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The Missing Female Inmates In Zomba Prison Project, Malawi’s Grammy-Nominated Prison Band

“The women’s contribution” says producer Ian Brennan “has been overshadowed by coverage of the official men’s band at the prison.”

Image courtesy of Zomba Prison Project.


Much of what’s written about the Zomba Prison Project’s Grammy-nominated album I Have No Everything Here—a collection of songs written and recorded by inmates at a maximum security facility in Zomba, Malawi—has focused on the men.

“The women’s contribution,” say producer Ian Brennan and filmmaker Marilena Umuhoza Delli, “has been overshadowed by coverage of the official men’s band at the prison.”

This isn’t completely unwarranted, as the jail already had its 12-man band routinely practicing in a makeshift rehearsal space before recording even started back in 2013.

It’s the women inmates, however, that ended up writing the majority of the songs on the 20-track album.

“Ironically, the men’s band is not featured on the Zomba Prison Project album hardly at all, while the women— who, unlike the men, have no instruments other than two hand-drums and some homemade percussion— contributed over half of the songs to the Grammy-nominated World Music album,” explains Brennan, who previously produced Tinariwen’s Tassili.

The new music video for “House of Dance” celebrates those women, many of whom are in Zomba prison for life, with footage of their communal dancing and singing, something the outnumbered female inmates frequently did to lift their spirits.

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Bobi Wine's Release Detailed in Latest Episode of 'The Messenger'

Trauma is the topic on the podcast's latest episode: "The Ballot or The Bullet."

The latest episode of The Messenger is something to behold.

Created by Sudanese-American rapper Bas, The Messenger throws the spotlight on the thunderous circumstances many African countries face, with a close focus on Ugandan politician Bobi Wine.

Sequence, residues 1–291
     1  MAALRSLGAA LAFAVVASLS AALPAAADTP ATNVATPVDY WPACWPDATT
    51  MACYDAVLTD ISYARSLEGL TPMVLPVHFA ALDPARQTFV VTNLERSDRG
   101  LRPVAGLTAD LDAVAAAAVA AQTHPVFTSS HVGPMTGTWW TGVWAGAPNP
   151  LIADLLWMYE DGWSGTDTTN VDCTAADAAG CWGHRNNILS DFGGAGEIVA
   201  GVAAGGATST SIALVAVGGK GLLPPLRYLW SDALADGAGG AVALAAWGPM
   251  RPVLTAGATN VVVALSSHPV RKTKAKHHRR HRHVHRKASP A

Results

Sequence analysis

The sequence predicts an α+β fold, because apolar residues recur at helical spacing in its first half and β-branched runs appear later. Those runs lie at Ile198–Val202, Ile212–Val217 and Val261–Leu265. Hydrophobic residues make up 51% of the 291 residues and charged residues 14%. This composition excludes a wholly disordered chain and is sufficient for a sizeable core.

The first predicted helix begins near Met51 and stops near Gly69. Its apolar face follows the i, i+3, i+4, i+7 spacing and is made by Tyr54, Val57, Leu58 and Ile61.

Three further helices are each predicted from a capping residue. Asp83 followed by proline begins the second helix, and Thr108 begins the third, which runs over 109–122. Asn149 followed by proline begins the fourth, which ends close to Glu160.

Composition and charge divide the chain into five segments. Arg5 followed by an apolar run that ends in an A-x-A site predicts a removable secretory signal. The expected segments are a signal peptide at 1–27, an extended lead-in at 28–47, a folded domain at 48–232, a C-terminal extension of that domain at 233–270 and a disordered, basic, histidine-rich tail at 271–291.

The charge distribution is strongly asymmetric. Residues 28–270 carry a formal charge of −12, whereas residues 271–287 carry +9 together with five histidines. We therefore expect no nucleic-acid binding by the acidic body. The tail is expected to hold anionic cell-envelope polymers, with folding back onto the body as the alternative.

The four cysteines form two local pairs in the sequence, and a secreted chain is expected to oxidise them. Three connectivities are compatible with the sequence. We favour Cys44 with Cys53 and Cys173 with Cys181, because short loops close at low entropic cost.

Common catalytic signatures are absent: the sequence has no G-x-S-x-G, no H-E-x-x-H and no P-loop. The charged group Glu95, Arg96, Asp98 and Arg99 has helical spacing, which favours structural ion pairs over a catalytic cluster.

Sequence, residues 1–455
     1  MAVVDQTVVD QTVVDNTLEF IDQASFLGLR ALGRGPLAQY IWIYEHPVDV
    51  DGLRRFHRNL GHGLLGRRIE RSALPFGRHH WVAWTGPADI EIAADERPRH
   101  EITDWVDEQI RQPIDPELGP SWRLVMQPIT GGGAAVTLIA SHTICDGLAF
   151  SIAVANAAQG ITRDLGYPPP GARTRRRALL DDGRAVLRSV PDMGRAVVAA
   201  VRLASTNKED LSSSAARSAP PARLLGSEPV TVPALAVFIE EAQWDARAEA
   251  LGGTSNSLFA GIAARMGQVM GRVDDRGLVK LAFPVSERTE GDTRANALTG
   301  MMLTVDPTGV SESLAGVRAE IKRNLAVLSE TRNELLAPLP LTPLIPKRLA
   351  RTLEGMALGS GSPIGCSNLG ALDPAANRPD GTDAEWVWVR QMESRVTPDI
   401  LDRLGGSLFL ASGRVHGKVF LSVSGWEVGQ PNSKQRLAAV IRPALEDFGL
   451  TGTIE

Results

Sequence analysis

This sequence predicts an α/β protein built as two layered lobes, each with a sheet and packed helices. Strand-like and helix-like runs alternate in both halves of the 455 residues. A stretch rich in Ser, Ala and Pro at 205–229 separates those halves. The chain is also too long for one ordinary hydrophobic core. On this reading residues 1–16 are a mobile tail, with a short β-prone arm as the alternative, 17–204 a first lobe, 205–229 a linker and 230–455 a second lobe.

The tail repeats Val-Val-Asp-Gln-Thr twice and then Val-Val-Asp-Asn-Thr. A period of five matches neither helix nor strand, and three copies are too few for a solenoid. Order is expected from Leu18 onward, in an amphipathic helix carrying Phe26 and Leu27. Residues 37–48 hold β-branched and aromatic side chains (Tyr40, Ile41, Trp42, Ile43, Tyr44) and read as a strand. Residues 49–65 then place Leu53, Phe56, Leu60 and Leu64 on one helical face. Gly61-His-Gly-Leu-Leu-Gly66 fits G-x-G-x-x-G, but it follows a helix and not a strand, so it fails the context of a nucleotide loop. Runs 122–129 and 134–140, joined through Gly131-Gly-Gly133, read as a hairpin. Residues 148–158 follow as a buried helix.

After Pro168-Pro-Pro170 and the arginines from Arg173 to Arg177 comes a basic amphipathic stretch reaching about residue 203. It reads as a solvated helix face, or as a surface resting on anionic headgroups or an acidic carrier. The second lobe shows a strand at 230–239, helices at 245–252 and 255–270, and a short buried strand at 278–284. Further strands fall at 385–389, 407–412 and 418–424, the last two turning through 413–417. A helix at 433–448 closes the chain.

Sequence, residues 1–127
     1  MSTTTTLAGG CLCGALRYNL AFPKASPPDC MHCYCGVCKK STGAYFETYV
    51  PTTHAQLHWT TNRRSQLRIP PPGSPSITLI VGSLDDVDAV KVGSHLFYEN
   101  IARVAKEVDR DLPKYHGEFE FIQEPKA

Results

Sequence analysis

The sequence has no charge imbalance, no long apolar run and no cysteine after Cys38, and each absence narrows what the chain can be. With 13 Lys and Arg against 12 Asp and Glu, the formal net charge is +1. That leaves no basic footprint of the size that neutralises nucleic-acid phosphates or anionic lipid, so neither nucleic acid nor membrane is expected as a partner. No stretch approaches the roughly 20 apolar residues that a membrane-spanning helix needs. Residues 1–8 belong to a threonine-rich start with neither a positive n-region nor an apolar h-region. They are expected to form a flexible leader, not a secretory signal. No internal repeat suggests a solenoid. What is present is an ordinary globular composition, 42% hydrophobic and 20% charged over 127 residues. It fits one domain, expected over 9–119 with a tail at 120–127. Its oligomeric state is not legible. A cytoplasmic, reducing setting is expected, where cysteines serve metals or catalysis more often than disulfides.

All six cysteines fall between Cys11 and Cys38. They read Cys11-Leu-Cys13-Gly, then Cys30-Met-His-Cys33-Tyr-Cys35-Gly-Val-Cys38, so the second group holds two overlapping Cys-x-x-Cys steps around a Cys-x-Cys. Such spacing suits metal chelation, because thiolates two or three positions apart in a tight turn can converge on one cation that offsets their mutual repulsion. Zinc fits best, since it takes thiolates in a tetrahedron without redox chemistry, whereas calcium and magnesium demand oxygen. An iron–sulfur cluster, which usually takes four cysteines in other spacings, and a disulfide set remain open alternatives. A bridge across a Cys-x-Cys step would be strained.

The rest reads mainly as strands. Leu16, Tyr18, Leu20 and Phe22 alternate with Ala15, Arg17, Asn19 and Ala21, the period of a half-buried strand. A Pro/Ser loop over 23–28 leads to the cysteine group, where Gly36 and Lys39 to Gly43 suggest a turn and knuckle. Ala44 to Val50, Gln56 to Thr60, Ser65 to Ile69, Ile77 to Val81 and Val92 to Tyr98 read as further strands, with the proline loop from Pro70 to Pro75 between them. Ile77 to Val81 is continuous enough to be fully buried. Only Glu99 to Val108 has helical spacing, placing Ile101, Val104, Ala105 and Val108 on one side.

In his most recent traumatic experience, Wine and his wife Barbara Itungo Kyagulanyi were released from a nearly two-week military house arrest following the ruling of a Ugandan court. Keeping up with current events and circumstances that Wine finds himself in, the latest episode of the podcast recounts the traumatic events that led to Wine's very public abuse and eventual house arrest.

Upon his release, Wine spoke with The Messenger and had this to say, "I want to remind the world that we went in this election knowing how corrupt the staff of the electoral commission is. We saw this through the campaign and the world saw how much was oppressed, how biased and one sided the electoral commission was, and how much it was in the full grip of General Museveni. And therefore we are going to test every legal test, we shall take every legal test. We shall take every legal step. And indeed we shall take every moral and morally proactive, nonviolent, but legal and peaceful step to see that we liberate ourselves. The struggle has not ended. It is just beginning."

Listen to Episode 7 of The Messenger here.

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